The DHBs’ offer clearly didn’t cut it. They need to do better for their largest group of workers.

We’re heading back into bargaining on Thursday with a clear mandate: the offer must be improved. Nurses can no longer continue to take up the slack for a sick health system.

We can’t do all the work here! DHBs need to take some responsibility for advocating for the funding that provides appropriately for every member of staff and every patient. New Zealanders won’t settle for anything less.


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Southerners won’t back down

Nurses at Dunstan hospital celebrate International Nurses Day

Nurses at Dunstan hospital celebrate International Nurses Day

Southerners are gutted to hear of a five percent funding cut to their network of rural community hospitals in Oamaru, Ranfurly, Dunstan, Balclutha and Gore.

And if that’s not bad enough, there will be reviews of health services and no increases for changing costs or population. What that means is that if the population of your town increases, there won’t be any corresponding increase to health funding.

Hospitals are still working out what impact this will have on services and each hospital will be affected differently. What we do know is health services are under threat and so are many jobs.

At the same time, Southern District Health Board (SDHB) has announced plans to contract out and privatise its food service, with frozen meals being driven down from Auckland, in a further attempt to save money that threatens local jobs. We can see no sense in that whatsoever!

So why is all this happening? Southern DHB’s financial situation is pretty grim – they are $27 million in the red this financial year and are predicted to be at a $42 million financial deficit next year. When DHBs are squeezed this tight, something has to give. This time it’s the health of our rural communities, not to mention their nutritional needs!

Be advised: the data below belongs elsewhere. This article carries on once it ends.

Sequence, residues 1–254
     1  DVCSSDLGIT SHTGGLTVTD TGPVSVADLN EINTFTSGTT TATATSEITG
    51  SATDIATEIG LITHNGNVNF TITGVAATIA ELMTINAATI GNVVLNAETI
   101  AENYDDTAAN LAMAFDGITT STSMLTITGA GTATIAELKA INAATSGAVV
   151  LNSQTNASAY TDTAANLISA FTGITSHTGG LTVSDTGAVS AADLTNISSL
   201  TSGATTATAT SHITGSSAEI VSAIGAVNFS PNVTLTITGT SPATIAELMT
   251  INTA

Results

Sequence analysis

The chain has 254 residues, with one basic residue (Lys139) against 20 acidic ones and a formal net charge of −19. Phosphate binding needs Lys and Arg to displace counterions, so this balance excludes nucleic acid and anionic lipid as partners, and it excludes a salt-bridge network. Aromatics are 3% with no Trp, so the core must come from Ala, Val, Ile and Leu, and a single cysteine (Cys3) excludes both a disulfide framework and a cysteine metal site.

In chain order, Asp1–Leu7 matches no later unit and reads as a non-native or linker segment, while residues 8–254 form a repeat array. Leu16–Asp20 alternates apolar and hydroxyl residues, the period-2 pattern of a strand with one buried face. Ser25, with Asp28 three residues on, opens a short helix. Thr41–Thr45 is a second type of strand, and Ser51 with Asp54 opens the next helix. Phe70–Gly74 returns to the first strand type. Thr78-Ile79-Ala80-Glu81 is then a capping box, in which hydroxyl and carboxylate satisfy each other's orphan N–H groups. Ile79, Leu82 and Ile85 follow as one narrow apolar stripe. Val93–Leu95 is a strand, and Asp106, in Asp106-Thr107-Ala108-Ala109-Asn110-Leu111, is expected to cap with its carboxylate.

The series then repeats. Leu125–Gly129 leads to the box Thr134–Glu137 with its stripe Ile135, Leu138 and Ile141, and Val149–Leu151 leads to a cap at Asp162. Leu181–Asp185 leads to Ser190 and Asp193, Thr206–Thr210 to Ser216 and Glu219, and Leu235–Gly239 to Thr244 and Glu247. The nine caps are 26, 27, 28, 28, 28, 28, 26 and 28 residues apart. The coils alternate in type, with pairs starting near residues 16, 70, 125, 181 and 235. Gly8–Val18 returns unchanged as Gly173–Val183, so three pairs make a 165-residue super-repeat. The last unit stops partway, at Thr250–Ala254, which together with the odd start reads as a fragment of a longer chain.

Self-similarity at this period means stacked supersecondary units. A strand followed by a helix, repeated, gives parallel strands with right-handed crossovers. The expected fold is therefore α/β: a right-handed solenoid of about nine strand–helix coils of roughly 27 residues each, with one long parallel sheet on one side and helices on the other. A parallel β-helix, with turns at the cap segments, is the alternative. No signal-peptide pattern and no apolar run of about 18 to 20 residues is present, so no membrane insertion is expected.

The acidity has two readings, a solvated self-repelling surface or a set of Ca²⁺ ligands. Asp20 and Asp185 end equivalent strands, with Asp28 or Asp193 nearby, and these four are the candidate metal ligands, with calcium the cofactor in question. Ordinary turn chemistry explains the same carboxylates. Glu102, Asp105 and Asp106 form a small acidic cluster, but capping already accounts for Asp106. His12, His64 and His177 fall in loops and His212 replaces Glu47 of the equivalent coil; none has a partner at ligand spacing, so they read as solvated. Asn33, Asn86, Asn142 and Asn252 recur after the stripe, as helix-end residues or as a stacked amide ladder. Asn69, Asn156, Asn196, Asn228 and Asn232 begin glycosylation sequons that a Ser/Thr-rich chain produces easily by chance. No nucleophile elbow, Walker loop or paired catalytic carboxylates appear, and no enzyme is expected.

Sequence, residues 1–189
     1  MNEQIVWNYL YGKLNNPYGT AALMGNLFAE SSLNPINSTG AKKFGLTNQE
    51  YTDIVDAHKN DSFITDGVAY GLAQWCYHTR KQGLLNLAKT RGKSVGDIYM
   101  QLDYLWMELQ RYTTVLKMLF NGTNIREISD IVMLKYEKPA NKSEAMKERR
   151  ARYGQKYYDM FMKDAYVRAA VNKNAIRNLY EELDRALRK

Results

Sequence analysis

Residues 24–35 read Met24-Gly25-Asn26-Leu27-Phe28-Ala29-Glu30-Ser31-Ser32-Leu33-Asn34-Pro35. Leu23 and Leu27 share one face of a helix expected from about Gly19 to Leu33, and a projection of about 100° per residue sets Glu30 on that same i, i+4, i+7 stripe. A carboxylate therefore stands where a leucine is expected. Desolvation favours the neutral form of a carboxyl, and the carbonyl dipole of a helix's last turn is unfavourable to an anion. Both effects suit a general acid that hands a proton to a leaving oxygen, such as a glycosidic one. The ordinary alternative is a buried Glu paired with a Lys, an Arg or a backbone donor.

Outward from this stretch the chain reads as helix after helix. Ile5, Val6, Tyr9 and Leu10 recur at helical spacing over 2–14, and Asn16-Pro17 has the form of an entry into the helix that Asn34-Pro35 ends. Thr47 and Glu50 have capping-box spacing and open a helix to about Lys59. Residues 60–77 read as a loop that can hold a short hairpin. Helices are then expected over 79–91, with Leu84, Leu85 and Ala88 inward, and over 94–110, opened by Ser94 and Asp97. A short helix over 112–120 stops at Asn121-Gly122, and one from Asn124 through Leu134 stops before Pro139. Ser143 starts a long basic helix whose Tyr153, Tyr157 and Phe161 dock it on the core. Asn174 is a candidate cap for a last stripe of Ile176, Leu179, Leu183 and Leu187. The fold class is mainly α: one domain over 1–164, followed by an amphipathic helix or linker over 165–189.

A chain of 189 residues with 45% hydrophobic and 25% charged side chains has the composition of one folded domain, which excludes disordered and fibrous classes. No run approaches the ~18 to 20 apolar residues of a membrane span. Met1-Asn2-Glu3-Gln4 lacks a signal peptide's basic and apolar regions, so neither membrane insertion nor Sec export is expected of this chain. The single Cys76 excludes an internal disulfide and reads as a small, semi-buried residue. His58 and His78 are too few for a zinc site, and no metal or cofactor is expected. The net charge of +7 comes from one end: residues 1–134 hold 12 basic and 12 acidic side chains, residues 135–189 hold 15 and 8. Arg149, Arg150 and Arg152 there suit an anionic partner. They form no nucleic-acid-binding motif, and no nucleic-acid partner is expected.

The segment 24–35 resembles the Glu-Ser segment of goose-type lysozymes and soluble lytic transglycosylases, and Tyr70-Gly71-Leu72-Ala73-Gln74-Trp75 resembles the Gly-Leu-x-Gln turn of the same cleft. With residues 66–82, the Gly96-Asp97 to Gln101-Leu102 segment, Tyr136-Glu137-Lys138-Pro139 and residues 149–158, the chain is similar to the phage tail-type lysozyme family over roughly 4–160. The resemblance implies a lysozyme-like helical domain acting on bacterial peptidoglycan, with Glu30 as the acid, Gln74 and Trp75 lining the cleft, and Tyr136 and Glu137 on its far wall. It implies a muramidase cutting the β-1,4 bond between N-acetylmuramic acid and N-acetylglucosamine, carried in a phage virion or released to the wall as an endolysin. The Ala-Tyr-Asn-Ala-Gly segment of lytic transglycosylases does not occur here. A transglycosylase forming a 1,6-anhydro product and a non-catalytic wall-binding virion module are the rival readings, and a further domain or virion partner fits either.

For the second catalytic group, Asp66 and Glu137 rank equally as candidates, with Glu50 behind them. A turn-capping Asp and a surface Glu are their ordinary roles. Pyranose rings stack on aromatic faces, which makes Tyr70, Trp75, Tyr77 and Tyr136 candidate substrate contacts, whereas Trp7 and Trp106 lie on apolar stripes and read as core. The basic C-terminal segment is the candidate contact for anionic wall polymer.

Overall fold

While we don’t know all the reasons for their financial woes, or why they are so much worse off than other DHBs, we do know that a contributing factor is the year in, year out, underfunding of health services in New Zealand [pdf].

It’s this Government’s seventh budget this week, and they’ll be announcing funding for health for the next year. If they get it wrong, we’re looking at losing local jobs and local health services. Without more money coming in, it’s hard to see how Southern DHB will be able to preserve all the health services the population needs.

It’s not fair that valued local services, through no fault of their own, have to bear the brunt of Southern DHB’s deficit. NZNO will be working constructively with the affected rural hospitals to save services and protect member’s jobs. Not only will these cuts put patients’ health at risk, but removing skilled jobs from the regional economy impacts on the region’s long term financial health.

This ends up costing the Government more in the long run through health, social services, and other agencies. Southerners understand this, and we will be backing them all the way to find healthy and sustainable solutions to the District Health Board’s financial crisis.

Watch this space for NZNO’s response, and updates on the Southland and Otago rural hospital network plan for dealing with the cuts.